This is the third of five articles that previews the 2021 NTT IndyCar Series. Each day this week, Arch City Media features an aspect of the upcoming season for the popular franchise.
There will be plenty of intrigue as a new crop of drivers makes initial charges during the 2021 season of the NTT IndyCar Series that begins Sunday at the Honda Indy Grand Prix of Alabama.
In the mix are stars from other motor sport disciplines as well as retired open-wheeled veterans that are purposefully hired for part-time rides that could yield high rewards.
Sunday’s shootout at the Barber Motorsports Complex is the first of a 17-race docket that contains seven road courses, six street configurations and four ovals. The non-oval events are the ones that will predominantly feature the series’ newbies.
Of primary interest is the IndyCar debut of seven-time NASCAR Cup Series champion Jimmie Johnson, who drives the No. 48 Honda at road and street races for the powerhouse collective of Chip Ganassi Racing.
While there have been past moments where IndyCar drivers have transitioned to NASCAR (Tony Stewart and Danica Patrick immediately comes to mind), Johnson’s trajectory from stock to open-wheeled racing is somewhat rare.
As he competed during his final full-time NASCAR docket last season, the 45-year-old Johnson tested in IndyCar for his current boss in July 2020 and was signed to a part-time contract for races in 2021 and 2022. This agreement allows the Californian to also race part-time for Ganassi’s NASCAR brand at select series events.
The newfound challenge of competing on non-ovals – and making right-hand turns – has given the long-time, popular competitor renewed vigor.
“I’m progressing every time I’m in the car,” Johnson said. “Really been able to spend time with my team and understand really how IndyCar racing works. How a race weekend works. I’m really going to have to use this year, if not the first half of this year, to acclimate myself to the car. Understand where the limits are with the car.”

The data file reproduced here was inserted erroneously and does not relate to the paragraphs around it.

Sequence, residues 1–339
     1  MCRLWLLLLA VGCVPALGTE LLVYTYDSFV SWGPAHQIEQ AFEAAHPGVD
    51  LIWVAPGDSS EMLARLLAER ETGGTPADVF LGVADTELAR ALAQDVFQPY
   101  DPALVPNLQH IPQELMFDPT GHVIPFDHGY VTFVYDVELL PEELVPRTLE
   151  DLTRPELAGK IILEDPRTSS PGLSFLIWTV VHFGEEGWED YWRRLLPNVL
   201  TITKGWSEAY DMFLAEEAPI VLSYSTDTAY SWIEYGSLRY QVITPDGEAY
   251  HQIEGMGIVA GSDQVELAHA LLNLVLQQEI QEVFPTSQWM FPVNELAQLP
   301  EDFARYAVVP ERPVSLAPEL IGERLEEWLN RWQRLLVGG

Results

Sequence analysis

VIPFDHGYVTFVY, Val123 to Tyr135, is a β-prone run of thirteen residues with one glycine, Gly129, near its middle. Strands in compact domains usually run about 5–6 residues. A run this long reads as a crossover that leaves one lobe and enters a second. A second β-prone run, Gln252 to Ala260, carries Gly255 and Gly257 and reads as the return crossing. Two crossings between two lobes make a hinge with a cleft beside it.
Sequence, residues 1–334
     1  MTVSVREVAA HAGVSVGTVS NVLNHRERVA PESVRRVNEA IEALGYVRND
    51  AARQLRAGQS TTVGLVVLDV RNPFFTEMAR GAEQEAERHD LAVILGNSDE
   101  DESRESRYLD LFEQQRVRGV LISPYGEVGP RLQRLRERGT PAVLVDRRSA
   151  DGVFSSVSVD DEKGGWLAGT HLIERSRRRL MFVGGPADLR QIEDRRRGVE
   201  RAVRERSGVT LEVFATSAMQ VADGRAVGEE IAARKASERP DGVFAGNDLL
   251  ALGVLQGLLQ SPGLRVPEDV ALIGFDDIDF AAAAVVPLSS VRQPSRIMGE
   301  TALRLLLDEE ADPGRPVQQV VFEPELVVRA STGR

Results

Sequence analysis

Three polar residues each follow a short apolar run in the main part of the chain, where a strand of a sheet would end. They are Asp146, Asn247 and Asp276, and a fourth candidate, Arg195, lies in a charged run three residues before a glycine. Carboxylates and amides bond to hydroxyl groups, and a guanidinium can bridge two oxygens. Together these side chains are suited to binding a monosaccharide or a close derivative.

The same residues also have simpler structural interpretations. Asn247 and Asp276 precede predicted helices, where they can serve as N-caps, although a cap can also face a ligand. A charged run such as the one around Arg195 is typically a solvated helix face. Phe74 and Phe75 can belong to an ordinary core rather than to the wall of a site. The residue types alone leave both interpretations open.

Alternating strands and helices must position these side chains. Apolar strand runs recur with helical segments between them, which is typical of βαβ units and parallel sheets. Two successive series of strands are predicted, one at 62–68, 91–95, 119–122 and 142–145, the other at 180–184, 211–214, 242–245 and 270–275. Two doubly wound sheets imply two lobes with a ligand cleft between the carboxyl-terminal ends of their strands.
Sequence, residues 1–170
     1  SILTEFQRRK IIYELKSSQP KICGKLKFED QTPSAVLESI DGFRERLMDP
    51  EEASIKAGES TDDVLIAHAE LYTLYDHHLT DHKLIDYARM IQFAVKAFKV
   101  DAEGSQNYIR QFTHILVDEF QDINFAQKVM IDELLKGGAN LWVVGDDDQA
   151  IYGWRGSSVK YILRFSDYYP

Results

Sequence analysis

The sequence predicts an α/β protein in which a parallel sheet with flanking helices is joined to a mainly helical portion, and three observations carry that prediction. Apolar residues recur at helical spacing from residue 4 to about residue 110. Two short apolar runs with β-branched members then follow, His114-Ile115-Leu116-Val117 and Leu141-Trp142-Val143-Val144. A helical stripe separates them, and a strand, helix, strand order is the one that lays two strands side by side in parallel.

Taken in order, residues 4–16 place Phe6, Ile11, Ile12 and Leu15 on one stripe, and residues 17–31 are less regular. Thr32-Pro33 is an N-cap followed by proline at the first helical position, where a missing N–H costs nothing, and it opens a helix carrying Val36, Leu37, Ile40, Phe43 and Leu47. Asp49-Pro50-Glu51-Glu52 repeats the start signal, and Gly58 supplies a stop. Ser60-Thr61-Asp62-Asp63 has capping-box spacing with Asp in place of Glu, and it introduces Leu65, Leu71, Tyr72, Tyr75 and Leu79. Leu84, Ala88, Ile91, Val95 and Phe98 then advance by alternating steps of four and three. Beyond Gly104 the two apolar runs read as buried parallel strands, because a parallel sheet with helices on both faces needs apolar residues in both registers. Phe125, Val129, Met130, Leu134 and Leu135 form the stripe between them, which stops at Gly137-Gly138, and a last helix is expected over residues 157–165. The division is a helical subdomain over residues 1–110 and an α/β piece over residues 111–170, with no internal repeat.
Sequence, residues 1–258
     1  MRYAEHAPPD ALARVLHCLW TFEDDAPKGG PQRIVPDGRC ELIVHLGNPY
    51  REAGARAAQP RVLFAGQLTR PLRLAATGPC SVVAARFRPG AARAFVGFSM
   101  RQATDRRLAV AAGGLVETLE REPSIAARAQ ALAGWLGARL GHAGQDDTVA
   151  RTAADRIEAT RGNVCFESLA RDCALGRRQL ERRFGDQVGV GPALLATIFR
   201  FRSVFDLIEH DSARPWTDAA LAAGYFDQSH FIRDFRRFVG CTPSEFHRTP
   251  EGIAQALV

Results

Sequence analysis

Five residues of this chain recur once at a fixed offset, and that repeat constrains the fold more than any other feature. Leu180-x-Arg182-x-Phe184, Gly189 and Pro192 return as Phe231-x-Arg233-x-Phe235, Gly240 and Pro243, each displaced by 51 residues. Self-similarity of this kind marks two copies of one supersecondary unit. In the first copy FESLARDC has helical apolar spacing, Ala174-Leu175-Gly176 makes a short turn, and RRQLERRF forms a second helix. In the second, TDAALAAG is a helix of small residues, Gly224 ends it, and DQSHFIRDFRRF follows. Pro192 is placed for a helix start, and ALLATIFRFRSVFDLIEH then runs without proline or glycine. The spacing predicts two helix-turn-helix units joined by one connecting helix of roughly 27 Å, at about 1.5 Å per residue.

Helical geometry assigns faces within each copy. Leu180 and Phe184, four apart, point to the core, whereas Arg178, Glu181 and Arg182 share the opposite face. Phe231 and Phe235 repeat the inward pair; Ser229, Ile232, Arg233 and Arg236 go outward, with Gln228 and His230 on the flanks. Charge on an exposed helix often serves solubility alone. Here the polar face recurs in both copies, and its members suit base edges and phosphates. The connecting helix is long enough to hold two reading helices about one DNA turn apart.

The open-wheeled machine, which on circuit courses can average 130 MPH on race day, has provided additional intensity.
“It’s a monster,” Johnson said. “That’s the best way I can put it. There’s so much power, so much downforce, so much grip. It’s wild to drive.”
The oval events that Johnson will bypass consists of the traditional Indianapolis 500 (now shifted back to Memorial Day Weekend), a pair of early-May races at Texas Motor Speedway, and the August return of the Bommarito Automotive Group 500 at Worldwide Technology Raceway in Madison, Illinois.
Longtime fan favorite Tony Kanaan, the 2013 Indy 500 winner that raced six events for A.J. Foyt Enterprises last season, is penciled to pilot Ganassi’s No. 48 Honda at the four IndyCar oval races that Johnson will not compete at.
“I feel like a kid that got a new toy,” Kanaan said of the upgraded ride. “I was getting ready to look for other things in my life because I thought last year was going to be the last lap. Then I got a call from Jimmie, Chip, and all of a sudden I’m back.”
The unlikely one-two punch of racing veterans might arguably be the feel-good team to follow this season.
“We’ve been spending a lot of time together and on the phone,” Kanaan said of the relationship. “Jimmie is an amazing individual. Hats off to him to be able to actually have the courage to put himself in a position that after winning seven championships to come back and become a rookie. I appreciate that a lot.”
More adaptable to the open-wheeled format, and perhaps to one to watch early, is Formula 1 veteran Romain Grosjean, who makes his initial IndyCar splash with Dale Coyne Racing and the No. 51 RWR Honda. The 35-year-old Frenchman is slotted to race all road and street courses in 2021.